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Law Student Bar Association

Faculty Appointments Committee

February 23, 2012

1. Briefly, what were the responsibilities of your position?

The faculty appointments committee representatives start being involved during the summer and continues through the fall term. The job really has two parts. First, you are involved in reviewing, ranking, and debating which applicants to interview at the AALS conference in D.C. (this is time consuming, and right in the beginning of the term or before school). Then, there is the interviewing stage, which starts with the AALS conference in Washington DC in mid October. They bring at least one representative with them to the conference, and you take part in interviewing candidates and voting which ones should be brought back for full interviews at the school. For the candidates that are brought back, there will be full interviews consisting of a job talk at lunch, and a student Q&A in the afternoon. It is best to plan on attending both of these, and part of your responsibilities include publicizing this to students and encouraging them to attend the event. You can also attend the lunch with the candidate, and some of the dinners the night before. The final step is voting to determine which candidates to put to the full faculty committee for a vote, and speaking briefly to the faculty committee about the position the students have taken on each candidate. This should be wrapped up before the end of fall term.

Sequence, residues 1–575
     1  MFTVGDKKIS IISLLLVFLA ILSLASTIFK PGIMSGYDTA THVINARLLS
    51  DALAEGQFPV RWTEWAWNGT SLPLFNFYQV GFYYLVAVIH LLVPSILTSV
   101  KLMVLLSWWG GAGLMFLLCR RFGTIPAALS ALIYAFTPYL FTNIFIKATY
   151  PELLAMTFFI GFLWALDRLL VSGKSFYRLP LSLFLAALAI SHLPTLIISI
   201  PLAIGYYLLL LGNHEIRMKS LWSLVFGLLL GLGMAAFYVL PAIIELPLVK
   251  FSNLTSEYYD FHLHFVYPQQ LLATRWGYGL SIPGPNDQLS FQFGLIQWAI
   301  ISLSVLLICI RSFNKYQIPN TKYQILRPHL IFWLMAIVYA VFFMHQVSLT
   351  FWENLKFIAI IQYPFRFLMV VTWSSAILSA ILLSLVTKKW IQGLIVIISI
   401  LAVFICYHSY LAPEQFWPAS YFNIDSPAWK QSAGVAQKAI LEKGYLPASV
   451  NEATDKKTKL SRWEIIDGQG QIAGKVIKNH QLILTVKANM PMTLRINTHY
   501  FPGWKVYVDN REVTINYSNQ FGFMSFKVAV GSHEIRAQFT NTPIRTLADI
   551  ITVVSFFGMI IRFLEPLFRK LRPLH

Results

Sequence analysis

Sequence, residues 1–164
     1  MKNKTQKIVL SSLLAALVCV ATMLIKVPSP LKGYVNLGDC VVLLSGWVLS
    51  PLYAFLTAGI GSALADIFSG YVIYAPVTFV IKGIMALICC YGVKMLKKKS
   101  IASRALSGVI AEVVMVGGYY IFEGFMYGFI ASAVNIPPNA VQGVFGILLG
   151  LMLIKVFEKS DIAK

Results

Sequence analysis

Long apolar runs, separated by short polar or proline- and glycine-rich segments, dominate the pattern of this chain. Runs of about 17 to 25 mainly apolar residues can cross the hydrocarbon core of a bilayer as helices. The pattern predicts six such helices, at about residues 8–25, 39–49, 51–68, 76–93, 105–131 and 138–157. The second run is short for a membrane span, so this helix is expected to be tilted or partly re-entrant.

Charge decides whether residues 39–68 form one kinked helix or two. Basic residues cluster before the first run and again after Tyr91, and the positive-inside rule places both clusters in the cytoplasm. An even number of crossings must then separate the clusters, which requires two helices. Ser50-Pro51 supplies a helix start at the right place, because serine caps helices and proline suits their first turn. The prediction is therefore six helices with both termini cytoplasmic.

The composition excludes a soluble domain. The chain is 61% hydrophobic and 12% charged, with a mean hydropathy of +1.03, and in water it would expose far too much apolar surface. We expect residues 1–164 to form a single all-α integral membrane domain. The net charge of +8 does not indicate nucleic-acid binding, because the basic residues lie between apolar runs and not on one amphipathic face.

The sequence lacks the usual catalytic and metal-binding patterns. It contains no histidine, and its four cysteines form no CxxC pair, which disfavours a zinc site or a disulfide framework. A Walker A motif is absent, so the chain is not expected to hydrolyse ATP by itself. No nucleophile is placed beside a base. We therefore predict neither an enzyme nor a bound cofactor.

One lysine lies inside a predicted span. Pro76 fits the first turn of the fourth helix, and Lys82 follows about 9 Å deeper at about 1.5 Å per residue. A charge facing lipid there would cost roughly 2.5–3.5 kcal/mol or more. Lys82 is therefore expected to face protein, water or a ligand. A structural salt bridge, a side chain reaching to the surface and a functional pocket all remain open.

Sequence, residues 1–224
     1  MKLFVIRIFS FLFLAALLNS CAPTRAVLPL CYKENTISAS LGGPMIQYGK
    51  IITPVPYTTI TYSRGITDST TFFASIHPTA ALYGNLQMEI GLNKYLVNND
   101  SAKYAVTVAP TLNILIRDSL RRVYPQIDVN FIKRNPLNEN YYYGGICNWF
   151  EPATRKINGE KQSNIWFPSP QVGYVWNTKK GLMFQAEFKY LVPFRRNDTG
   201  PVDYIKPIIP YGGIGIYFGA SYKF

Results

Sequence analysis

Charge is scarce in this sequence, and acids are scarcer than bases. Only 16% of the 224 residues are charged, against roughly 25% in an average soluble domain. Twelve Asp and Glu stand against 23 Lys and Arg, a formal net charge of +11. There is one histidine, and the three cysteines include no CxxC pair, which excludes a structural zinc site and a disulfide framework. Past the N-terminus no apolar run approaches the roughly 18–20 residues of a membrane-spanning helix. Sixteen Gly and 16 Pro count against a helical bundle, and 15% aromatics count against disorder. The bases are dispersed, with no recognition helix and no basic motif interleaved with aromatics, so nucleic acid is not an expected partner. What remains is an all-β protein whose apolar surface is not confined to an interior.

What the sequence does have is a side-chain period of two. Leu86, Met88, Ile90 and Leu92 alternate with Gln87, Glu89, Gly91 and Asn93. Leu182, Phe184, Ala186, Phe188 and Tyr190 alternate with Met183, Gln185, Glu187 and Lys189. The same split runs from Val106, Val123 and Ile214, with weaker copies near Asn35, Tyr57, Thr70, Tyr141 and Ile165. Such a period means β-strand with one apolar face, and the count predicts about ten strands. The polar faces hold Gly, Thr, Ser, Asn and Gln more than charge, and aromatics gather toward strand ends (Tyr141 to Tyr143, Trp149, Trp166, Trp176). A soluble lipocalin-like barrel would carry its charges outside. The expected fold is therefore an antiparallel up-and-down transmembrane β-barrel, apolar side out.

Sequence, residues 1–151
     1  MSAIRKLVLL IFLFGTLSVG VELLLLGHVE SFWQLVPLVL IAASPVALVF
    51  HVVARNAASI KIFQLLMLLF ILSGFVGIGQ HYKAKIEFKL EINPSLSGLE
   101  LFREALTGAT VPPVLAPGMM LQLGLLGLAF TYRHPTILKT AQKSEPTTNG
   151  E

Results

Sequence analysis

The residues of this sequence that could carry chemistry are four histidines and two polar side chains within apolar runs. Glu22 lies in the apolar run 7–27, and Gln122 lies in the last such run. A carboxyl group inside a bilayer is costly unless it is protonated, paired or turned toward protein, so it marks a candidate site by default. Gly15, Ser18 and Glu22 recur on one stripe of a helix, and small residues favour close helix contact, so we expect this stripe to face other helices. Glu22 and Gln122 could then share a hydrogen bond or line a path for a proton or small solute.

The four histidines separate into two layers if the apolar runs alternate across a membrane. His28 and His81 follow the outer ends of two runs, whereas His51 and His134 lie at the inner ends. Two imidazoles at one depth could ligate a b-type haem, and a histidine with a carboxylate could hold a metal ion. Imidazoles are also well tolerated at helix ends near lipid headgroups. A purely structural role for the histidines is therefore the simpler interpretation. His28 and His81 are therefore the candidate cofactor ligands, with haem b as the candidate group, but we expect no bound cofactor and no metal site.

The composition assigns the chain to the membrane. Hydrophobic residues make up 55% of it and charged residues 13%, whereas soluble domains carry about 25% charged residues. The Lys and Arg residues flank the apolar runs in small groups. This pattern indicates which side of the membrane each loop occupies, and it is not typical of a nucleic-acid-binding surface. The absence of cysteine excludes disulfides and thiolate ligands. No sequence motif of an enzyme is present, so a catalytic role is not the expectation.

2. What was your total time commitment for both internal and external committees?

You do not want to know (kidding). We brought back 16 candidates, and each requires about 2-3 hours of work. Total is too high. But, normally it is far less labor intensive. It is unclear whether we’ll be as busy next year, but it likely will not be AS bad. It really depends upon the hiring needs next year and the school’s budget. 

3. What were the benefits of your experience?

Benefits: learned a lot about interviewing, got to know a number of faculty members well, and got insight into the process. On the lighter side, I got to go to D.C., get free lodging and food, and have several free lunches and dinners with the applicants.